June, 15 2015
The first pictures of the dwarf planet Ceres have come in from NASA's space probe Dawn and it seems there's more to this little planet than NASA expected. There are unnatural lights coming from the planet and scientists are puzzled as to why.
Ceres is a dwarf planet that has a diameter of only around 590 miles across making it smaller than one third the size of the Earths moon. (See buildings on our moon) It lies between the orbits of Mars and Jupiter, is thought to be made of ice and rock and is covered in craters making it possible for life to survive on if it has a molten core like Earth.
Dawn is a NASA probe that was launched in September of 2007 to explore both Vesta and Ceres. It is now in orbit of Ceres after visiting Vesta and sending back some amazing footage with extraordinary possibilities.
According to scientists the lights are the first that they have ever seen on any planet or comet. Many think that the small planet, about the size of the death star in the famous Star Wars movies, might actually be something similar.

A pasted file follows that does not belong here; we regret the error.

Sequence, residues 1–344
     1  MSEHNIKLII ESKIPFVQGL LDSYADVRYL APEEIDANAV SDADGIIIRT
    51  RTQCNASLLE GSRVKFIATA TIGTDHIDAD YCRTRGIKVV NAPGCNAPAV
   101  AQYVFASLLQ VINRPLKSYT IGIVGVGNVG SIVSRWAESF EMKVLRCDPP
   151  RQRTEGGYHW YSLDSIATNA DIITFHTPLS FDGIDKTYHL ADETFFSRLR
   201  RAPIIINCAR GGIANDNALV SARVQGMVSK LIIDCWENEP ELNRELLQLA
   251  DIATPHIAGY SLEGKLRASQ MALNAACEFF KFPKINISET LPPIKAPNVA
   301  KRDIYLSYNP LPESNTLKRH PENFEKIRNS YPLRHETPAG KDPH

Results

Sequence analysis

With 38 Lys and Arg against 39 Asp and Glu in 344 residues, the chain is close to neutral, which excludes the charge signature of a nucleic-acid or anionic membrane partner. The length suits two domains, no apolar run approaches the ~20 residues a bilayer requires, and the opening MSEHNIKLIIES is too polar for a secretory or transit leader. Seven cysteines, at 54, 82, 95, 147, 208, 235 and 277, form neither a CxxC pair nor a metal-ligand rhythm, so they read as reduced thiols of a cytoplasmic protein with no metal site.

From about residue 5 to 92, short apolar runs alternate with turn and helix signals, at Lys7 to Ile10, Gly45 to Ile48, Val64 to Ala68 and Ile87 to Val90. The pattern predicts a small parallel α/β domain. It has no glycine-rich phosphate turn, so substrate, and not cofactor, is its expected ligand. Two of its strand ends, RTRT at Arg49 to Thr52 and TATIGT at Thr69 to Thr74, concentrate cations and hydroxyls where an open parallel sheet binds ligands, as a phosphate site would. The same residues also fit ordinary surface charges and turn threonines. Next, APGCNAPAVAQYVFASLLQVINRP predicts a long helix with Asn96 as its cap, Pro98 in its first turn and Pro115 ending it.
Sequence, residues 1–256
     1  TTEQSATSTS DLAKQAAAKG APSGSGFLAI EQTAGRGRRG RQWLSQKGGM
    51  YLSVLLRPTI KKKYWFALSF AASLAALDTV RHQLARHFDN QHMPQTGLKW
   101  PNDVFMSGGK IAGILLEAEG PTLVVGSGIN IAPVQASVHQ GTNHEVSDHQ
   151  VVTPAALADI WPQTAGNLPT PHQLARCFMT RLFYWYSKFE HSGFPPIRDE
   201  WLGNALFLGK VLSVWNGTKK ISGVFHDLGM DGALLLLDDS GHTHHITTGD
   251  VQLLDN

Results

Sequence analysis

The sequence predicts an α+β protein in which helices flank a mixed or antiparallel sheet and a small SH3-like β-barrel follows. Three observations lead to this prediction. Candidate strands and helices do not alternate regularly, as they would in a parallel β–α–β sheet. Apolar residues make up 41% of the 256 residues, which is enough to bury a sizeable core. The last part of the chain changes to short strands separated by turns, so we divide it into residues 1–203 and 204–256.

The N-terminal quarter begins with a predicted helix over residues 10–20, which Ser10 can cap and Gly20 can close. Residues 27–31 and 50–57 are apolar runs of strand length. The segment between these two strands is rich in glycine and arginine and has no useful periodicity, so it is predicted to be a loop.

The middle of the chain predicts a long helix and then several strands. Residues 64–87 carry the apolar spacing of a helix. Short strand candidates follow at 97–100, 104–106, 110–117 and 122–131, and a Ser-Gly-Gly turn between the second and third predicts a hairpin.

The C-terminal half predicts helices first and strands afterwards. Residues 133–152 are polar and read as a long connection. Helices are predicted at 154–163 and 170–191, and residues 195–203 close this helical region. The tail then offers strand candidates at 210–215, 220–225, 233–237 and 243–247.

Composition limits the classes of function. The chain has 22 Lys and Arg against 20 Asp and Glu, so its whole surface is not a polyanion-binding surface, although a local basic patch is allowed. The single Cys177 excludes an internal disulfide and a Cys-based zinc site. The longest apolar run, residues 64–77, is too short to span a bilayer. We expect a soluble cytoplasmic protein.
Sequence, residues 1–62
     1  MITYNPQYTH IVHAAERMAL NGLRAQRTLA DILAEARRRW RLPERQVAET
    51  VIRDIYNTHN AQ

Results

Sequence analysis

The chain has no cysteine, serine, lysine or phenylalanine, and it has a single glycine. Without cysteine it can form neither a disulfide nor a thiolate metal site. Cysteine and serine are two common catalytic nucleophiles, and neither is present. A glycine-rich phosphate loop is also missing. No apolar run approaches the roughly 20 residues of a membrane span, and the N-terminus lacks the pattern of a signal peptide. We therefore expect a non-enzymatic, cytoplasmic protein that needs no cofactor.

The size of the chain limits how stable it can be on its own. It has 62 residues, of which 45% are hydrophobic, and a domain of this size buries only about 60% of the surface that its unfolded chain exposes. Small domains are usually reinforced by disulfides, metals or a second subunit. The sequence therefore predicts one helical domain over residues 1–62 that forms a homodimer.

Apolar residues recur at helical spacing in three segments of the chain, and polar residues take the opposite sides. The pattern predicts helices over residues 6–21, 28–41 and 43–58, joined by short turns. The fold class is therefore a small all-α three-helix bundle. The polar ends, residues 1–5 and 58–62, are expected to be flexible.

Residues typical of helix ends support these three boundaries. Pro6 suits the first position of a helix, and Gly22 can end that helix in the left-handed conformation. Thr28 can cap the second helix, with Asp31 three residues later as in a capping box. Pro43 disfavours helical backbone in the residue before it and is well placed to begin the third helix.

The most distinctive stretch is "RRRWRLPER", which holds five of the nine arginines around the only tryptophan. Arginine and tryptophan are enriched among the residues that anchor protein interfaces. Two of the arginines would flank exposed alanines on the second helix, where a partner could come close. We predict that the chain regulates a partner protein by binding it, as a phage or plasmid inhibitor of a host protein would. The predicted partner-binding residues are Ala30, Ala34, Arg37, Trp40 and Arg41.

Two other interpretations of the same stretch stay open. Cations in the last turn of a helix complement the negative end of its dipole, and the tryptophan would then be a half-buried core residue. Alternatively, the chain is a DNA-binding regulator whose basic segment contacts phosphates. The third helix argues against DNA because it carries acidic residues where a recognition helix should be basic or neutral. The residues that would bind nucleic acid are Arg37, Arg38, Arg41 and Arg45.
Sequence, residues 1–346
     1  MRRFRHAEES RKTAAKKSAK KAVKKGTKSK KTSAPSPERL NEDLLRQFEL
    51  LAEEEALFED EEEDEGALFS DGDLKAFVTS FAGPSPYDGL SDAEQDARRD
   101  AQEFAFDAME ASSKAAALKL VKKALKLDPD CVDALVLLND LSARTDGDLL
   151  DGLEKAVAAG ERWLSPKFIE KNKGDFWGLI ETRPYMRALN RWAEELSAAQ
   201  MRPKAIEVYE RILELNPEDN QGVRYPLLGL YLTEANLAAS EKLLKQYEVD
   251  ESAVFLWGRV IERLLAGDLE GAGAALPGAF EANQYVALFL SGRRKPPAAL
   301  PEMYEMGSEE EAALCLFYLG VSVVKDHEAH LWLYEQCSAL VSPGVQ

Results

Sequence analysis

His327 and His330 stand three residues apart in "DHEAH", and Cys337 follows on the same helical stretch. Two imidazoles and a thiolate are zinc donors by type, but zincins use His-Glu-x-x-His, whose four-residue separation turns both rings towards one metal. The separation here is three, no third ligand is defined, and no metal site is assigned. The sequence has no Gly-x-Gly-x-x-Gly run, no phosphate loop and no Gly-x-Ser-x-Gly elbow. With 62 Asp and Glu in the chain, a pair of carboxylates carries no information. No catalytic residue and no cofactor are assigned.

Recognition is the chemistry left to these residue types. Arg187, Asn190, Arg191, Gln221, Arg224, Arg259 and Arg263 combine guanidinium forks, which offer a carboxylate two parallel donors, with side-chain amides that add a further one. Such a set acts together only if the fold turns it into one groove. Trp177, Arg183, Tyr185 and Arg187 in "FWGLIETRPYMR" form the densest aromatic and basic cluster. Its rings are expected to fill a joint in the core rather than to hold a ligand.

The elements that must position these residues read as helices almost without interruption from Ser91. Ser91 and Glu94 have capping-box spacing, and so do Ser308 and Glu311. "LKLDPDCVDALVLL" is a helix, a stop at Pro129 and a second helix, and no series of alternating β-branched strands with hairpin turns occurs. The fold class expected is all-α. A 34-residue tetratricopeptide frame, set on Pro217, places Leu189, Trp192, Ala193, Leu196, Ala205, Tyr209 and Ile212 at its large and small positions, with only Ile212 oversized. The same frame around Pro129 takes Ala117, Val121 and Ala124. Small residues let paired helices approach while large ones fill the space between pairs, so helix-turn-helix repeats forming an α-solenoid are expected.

"Judging by the the way the lights are only in one spot and not spread around the planet it is unlikely that the planet has many alien bases across it, but rather there may be a single UFO port in the crater and a base built into the planet," says our UFO expert.
Picture a huge doorway with an airlock that leads directly into the hollowed out planet. With a warm core, ice for water and the light atmosphere; it is a perfect place for a large base of operations for any carbon based life-form. Large UFOs could come and go as they pleased without much notice from us because of the great distance between Earth and Ceres, and it could also be used as a type of mother ship for smaller UFOs that can't travel great distances in space.
As we've never been this close to Ceres before all of this is conjecture of course, but the dwarf would make a tremendous strategic spot for aliens to hide out and observe us in our solar system.Here are some of the latest images from NASA of the Ceres lights. We will update this page as NASA goes into lower orbit and more data is available. Tell us what you think they are in the comments below.